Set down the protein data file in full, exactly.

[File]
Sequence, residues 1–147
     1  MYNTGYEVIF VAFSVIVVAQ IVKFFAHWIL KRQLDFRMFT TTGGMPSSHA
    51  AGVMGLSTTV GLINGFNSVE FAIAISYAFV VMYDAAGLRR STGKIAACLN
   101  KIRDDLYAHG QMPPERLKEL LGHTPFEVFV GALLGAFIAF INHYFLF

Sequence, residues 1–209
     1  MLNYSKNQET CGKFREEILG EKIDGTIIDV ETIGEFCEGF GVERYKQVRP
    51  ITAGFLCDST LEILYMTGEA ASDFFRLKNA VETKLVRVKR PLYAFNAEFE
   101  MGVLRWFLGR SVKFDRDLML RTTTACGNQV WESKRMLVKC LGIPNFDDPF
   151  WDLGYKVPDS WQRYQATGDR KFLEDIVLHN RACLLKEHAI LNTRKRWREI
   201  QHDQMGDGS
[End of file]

Sequence, residues 1–147
     1  MYNTGYEVIF VAFSVIVVAQ IVKFFAHWIL KRQLDFRMFT TTGGMPSSHA
    51  AGVMGLSTTV GLINGFNSVE FAIAISYAFV VMYDAAGLRR STGKIAACLN
   101  KIRDDLYAHG QMPPERLKEL LGHTPFEVFV GALLGAFIAF INHYFLF

Sequence, residues 1–209
     1  MLNYSKNQET CGKFREEILG EKIDGTIIDV ETIGEFCEGF GVERYKQVRP
    51  ITAGFLCDST LEILYMTGEA ASDFFRLKNA VETKLVRVKR PLYAFNAEFE
   101  MGVLRWFLGR SVKFDRDLML RTTTACGNQV WESKRMLVKC LGIPNFDDPF
   151  WDLGYKVPDS WQRYQATGDR KFLEDIVLHN RACLLKEHAI LNTRKRWREI
   201  QHDQMGDGS